This post on cancer prevention tips is sponsored by the American Cancer Society; however, all thoughts and opinions expressed are my own.
We have all been affected by cancer in some way, whether we have been diagnosed with it ourselves or have known a family member or friend who had cancer. You may remember that I lost both of my parents to cancer. My dad was diagnosed with lung cancer at 54 and passed away two weeks later. My mom lost a very brief battle with ovarian cancer at 58. Because of this, I am very passionate about doing what I can to reduce my risk of cancer. With February being National Cancer Prevention Month, I am happy to share my five cancer prevention tips that work for me and have been fairly easy to implement.
Getting Regular Cancer Screenings for Cancer Prevention
One in three people will be diagnosed with cancer in their lifetime. Knowing this statistic, one of the most important things we can do is get regular screenings. Screenings can catch some cancers early, which can improve the chance for successful treatment. I recently made an appointment to have a spot on my face checked because I was afraid it could be dangerous. (I’ll be honest though – I put it off because I was nervous. I shouldn’t have waited!) Thankfully, the doctor recognized that it was just a benign skin spot and was able to remove it for my own comfort.
In addition to getting any weird skin spots checked out, we can also screen parts that aren’t so easily seen: breast, cervix, and colon cancer screenings are recommended at certain ages. Other screenings may be needed, too, based on risk factors.
Check out the American Cancer Society’s full screening guidelines to stay ahead of the game.
Maintaining a Healthy Weight
Obesity is linked to many health risks and diseases, but did you know it is also linked to an increased risk of many cancers? Maintaining a healthy weight is another important way to reduce the risk of cancer – and we can even involve our kids! Going out for a walk during the day or even having a dance party in the kitchen can get your heart rate up and burn some calories. Adults should aim for at least 150 minutes of moderate intensity or 75 minutes of vigorous activity each week. No need to do it all at once! Spread your sweat sessions throughout the week for best results.
Also, try to move around periodically throughout the day, especially if you have a sedentary job. Sitting for long periods of time has been linked to a greater risk of cancers, such as colon cancer, endometrial, and lung. Some smart watches have hourly reminders to get up and move for at least a minute. You can use that minute any way you like – walking to get a refill of water, doing a few squats, or taking a quick trip up and down the stairs. What an easy way to make sure you move your body a little bit all day!
Eating Healthy Foods
This tip goes right along with maintaining a healthy weight – eating the best foods to fuel your body. Not only do we want to eat foods that are full of nutrition so our bodies feel good, but we want to make sure we eat the proper portions so that we don’t over-consume calories. Our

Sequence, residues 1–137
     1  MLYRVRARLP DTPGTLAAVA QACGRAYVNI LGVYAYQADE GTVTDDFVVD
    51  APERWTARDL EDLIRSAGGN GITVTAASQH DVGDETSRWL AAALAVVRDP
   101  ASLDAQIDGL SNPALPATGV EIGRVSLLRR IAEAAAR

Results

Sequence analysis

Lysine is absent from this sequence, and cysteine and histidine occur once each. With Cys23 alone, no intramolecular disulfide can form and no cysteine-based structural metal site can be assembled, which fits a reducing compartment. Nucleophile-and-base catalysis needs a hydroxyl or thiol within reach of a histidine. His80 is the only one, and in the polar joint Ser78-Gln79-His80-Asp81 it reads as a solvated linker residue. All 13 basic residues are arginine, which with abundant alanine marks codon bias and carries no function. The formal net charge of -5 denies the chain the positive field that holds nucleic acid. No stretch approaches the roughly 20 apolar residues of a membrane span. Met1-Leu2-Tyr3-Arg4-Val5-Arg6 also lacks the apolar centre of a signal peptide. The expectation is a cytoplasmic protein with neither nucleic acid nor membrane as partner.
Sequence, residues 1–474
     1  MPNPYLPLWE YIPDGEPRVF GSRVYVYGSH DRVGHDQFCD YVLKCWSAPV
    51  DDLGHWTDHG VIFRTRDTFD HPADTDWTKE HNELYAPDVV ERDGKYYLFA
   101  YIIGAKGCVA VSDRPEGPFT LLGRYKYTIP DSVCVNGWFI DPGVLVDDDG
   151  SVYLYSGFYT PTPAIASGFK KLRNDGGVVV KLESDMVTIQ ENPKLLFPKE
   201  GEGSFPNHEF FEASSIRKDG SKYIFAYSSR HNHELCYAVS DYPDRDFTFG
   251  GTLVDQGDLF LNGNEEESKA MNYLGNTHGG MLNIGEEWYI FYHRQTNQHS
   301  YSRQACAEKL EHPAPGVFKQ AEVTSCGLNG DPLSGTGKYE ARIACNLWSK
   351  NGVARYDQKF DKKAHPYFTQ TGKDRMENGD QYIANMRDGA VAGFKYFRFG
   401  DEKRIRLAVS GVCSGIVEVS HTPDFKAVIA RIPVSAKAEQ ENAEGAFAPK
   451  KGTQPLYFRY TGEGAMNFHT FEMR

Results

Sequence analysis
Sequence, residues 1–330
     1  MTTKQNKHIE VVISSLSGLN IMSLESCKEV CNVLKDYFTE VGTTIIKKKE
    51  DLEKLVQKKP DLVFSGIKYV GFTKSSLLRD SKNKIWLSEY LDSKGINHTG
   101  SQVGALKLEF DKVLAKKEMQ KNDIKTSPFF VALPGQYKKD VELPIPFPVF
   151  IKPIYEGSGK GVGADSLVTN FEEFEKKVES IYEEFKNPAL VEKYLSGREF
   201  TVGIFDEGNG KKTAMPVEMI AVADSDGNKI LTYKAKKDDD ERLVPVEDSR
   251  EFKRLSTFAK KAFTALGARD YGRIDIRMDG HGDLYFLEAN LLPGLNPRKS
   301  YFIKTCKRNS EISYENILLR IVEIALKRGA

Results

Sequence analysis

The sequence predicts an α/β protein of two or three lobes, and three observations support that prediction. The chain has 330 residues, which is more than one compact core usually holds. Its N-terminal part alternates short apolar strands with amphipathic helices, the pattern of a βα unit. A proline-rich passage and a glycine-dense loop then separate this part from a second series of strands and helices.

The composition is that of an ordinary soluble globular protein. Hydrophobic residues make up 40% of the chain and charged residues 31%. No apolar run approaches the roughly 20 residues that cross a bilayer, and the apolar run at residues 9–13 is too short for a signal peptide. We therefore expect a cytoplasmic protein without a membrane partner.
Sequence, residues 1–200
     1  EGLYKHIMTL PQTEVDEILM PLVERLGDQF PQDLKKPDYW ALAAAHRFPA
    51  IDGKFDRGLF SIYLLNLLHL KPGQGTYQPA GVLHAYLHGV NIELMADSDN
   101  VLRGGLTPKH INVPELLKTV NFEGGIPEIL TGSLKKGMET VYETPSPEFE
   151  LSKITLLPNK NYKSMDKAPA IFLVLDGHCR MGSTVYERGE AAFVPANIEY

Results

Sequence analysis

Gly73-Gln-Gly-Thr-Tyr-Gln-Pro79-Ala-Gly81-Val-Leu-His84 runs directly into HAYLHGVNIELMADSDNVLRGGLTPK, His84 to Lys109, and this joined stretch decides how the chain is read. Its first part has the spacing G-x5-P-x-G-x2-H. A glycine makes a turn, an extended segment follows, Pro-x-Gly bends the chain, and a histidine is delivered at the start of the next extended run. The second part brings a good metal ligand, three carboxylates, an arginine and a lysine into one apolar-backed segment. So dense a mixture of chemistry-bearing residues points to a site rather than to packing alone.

family keeps plenty of fresh fruit and chopped veggies in the fridge to make it easy to grab a nutritious snack. Even the kids have easy healthy snacks that are within reach when they get hungry.
Foods aren’t the only part of a healthy diet though. Drinks are also important! We opt for water or sparkling water most of the time, with the occasional juice. Keeping sodas and sugars to a minimum helps us to keep our bodies at a healthy weight! It also keeps the kids from starting
habits that may be difficult to break when they are older.
Both of my parents smoked, and unfortunately my dad suffered greatly because of it. Smoking is by far the leading risk factor for lung cancer but it often interacts with other risk factors. My dad’s lung cancer was hard to treat and was diagnosed too late to even attempt treatment.
Lung cancer isn’t the only danger from smoking. Smoking also increases the risk of mouth, kidney, liver, bladder, pancreas, and other cancers. Tobacco in any form isn’t safe. If you do smoke and need help quitting, you can call 1-800-227-2345 for help.
Protecting Your Skin
I am thankful that my worry with skin cancer turned out to be a harmless spot, but not everyone has that same outcome. Although my mom passed away from ovarian cancer, she also had been diagnosed with skin cancer on her arm. In addition to being a lifelong smoker, she also
loved tanning in the sun and in tanning beds. Most skin cancers are a direct result of exposure to ultraviolet (UV) rays from the sun. Other UV rays, such as those from tanning beds, should also be avoided.
Sun protection should always be used when spending time outdoors – even when cloudy or in cold weather. The best skin protection is shade or covering up with clothing and hats. Any exposed skin should be protected with SPF 30+.
What Can You Start TODAY?
Approximately 42% of cancer cases and 45% of cancer deaths in the US are linked to risk factors that could be changed. Some of the choices we make can affect our overall health, and may also affect our risk for cancer.
We must start TODAY to make small changes to help reduce our risk of cancer. Not only for our own health, but for our family’s health as well. What change will you make? How can you encourage your kids, your spouse, your family or your friends to join you in a more healthy lifestyle? We can all work together to help lower the risk of cancer in our lives, and in the lives of our loved ones. Visit the American Cancer Society’s “Stay Healthy” webpage for more tips!